Thanks -- the paper is currently in its final form for publication in the
conference proceedings, but I'll likely turn it into a journal article in
the future, and any comments will help improve this future paper.
> There are a few places in the introduction where readers and writers
> are conflated.
Could you be more specific here? I tend to think they're fairly clearly
> I agree that more writers tends to produce more readers. The converse
> is probably true, but the Web's infrastructure has a certain amount of
> difficulty with lots of readers; often, more readers means fewer
> writers. (See www.kosmic.org's current front page for an example of
> why.) When readers are paying writers, more readers means more
> writers, but this is an exception, not the rule.
I wasn't able to access www.kosmic.org, and hence view your counter-example.
Since there aren't any statistics I know of for how many authors there are
on the Web, it's hard to directly refute you. However, it seems to me the
burden of evidence is on you to show that the increasing number of web
pages, sales of HTML books, increasing number of Web servers, etc. aren't
strongly indicative of an increase in authors. Also, there are many
professional authors on the Web who are not directly paid for by readers --
most corporate sites fall in this category, and movie sites also come to
mind. These types of sites wouldn't exist if there wasn't a large set of
potential readers of the material.
> You say that "control over the user interface is a key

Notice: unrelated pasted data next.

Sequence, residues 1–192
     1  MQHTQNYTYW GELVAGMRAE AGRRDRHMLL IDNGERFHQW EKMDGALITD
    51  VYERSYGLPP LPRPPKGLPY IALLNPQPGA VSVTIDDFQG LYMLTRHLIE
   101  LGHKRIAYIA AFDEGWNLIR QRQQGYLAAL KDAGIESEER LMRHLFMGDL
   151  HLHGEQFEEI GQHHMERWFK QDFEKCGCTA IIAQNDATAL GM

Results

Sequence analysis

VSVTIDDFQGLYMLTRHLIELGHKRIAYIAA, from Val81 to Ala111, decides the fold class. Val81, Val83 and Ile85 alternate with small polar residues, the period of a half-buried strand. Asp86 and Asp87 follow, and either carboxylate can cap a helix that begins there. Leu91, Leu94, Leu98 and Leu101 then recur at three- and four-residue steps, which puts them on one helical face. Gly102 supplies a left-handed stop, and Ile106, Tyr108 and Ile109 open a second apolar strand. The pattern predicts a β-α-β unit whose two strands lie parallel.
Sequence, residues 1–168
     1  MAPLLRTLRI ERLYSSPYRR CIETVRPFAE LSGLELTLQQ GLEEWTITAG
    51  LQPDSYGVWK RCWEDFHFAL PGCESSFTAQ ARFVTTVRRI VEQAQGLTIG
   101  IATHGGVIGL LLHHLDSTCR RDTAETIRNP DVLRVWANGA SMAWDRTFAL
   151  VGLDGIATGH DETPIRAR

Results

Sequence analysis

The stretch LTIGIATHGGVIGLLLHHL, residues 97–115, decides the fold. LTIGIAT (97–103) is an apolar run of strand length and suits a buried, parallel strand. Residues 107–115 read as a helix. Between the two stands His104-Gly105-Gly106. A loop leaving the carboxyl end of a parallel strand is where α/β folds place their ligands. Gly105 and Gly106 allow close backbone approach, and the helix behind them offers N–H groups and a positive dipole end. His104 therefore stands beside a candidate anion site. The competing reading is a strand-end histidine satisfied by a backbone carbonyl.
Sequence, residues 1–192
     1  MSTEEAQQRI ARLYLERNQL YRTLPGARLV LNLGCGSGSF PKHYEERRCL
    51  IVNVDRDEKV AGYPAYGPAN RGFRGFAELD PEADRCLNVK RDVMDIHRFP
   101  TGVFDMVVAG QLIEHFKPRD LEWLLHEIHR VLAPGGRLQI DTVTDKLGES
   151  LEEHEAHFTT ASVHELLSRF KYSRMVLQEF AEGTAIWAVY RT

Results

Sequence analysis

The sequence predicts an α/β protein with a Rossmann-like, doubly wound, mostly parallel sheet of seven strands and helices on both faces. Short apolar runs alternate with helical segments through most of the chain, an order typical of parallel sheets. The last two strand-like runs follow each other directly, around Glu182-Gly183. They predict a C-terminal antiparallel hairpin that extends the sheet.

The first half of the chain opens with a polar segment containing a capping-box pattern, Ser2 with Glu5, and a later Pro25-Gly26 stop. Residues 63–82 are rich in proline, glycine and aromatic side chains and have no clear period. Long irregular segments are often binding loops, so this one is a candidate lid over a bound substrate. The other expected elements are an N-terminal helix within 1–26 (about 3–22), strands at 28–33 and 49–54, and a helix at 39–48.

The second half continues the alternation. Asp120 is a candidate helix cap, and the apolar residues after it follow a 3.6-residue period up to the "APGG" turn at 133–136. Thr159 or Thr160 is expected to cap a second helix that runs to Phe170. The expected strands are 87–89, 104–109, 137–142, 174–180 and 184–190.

> contributor . . .", but it's not clear whether you mean control by the
> readers (e.g., don't load images, user-controlled CSS stylesheets,
> Opera's nifty "turn the damn colors off" button) or control by the
I actually mean both control by the architect of the system, and also
control by the content providers, assuming the architect has left them any
control at all (for example, Gopher does not give content providers much
control over the user interface at all).
> Control by the readers provides a more pleasant experience
> for readers; control by the writers provides a more, um, variable
> experience for readers, and allows more control over the presentation
> by "content providers".
Control by the readers wasn't something I had particularly focused on --
user interface features between Web browsers don't seem to be a primary
motivator for readers to choose one or the other. Most readers tend to use
whatever browser is installed on their system. Brand loyalty seems to be
the next biggest determinant. I've personally never heard anyone choose a
Web browser simply for user interface features (except, perhaps, for Rohit
who used to use a NeXT-based browser -- and since Rohit is in the 3%, he's
automatically an outlier :-).
> It could be argued that control over the hypermedia structure actually
> improves scalability to large numbers of readers if done right.
I have yet to see a demonstration of how this can be done scalably with a
corpus the current size of the Web, and with the large number of authors
currently on the Web.